Ivan is the fierce patriarch of a family of Croatian refugees in Auckland. Nina is his daughter, ready to live on her own, despite his angry objections. Eddie is the Maori she takes as her ... See full summary »
A ten-years-later continuation of Hal Hartley's "Henry Fool", where Fay Grim (Posey) is coerced by a CIA agent (Goldblum) to try and locate notebooks that belonged to her fugitive ex-husband (Ryan). Published in them is information that could compromises the security of the U.S., causing Fay to first head to Paris to fetch them ...
A comedy about a woman who saves her chicken farm and her family by agreeing to be the subject of a "reality show" with a celebrity Hollywood weight loss expert. Both women change and discover the true meaning of success.
A 65-year-old single artist living in New York City has a good life: a stable teaching job, successful friends, and a loyal, aging dog named Bing. As her dream of a respectable place in the... See full summary »
Nora Wilder is freaking out. Everyone around her is in a relationship, is married, or has children. Nora is in her thirties, alone with job she's outgrown and a mother who constantly reminds her of it all. Not to mention her best friend Audrey's "perfect marriage". But after a series of disastrous dates, Nora unexpectedly meets Julien, a quirky Frenchman who opens her eyes to a lot more than love.Written by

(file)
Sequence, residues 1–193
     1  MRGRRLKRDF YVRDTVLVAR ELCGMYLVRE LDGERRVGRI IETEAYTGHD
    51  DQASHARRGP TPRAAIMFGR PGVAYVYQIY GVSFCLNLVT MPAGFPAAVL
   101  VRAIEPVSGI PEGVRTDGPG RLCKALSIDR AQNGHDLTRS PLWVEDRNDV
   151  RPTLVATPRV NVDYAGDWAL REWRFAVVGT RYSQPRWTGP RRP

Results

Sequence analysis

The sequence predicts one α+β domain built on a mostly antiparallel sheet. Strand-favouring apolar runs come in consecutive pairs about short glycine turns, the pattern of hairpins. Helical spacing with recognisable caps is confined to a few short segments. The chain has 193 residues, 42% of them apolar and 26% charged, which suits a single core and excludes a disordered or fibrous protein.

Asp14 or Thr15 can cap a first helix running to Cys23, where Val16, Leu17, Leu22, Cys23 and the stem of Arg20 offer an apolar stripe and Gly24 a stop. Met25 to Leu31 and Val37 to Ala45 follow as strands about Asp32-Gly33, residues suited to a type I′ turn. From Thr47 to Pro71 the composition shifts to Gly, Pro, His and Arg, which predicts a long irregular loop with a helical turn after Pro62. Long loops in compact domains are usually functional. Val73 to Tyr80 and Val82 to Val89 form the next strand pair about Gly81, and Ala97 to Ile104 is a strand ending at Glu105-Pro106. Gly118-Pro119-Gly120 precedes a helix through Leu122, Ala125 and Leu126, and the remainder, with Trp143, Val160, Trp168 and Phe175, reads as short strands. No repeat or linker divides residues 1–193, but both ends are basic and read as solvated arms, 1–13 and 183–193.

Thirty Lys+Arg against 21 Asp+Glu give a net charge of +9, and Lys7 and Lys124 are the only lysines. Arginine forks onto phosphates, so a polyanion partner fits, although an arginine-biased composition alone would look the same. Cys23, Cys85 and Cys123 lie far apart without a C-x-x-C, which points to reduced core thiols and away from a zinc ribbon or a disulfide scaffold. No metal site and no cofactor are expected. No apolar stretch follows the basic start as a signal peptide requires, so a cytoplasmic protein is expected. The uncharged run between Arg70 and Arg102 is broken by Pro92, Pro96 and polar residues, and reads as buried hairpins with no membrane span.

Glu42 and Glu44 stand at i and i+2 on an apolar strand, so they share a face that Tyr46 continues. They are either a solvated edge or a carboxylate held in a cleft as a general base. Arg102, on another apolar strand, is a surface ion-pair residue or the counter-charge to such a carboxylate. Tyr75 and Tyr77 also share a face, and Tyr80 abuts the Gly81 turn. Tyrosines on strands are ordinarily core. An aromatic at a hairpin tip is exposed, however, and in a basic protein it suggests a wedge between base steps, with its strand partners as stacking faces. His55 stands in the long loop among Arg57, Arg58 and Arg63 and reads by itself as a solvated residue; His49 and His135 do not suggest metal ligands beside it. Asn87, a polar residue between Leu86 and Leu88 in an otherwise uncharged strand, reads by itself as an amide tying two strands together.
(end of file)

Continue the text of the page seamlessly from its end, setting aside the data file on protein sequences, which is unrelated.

Sebastien Chenut who appears as one of the french guys in the café and Maud Geffray as the waitress are members of the french duo Scratch Massive who composed and produced the original score for the movie. See more »
Jean Paul Clement:
Most people are together just so they are not alone. But some people want magic. I think you are one of those people.
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One of my most anticipated films of the year turns out to be a bit of a typical rom-dram snoozer. Despite a stellar cast, Zoe Cassavettes' first film is a bit of a misfire. It seems she was going for an old-school type of romance film with a modern (yet unoriginal) twist, but I watched this thinking "If I wanted to watch an old-fashioned romantic drama, I'd rather just watch a movie from the 40s." Not to compare this to the breakthrough film of that-other-daughter-of-a-famous-director, but this totally has a "Lost in Translation" vibe going on. Except it isn't nearly as engrossing or well-made. The movie's best feature is, of course, Parker Posey. I do give credit to Cassavettes for taking a chance to show something that not many other directors have been willing to do--that Posey is a brilliant dramatic actress. Sure, she's a brilliant comedienne and this is what she's known for, but one look at "Broken English" or "Personal Velocity will" prove that this woman is every bit as good as your Streeps or your Hepburns. She just needs better roles! Justin Theroux is excellent, though only in the film for 15 minutes or so. I do fear he's getting typecast as the cocky yuppie or Hollywood type. So this one isn't a total waste of time, but I'd say it's for fans of the cast only.
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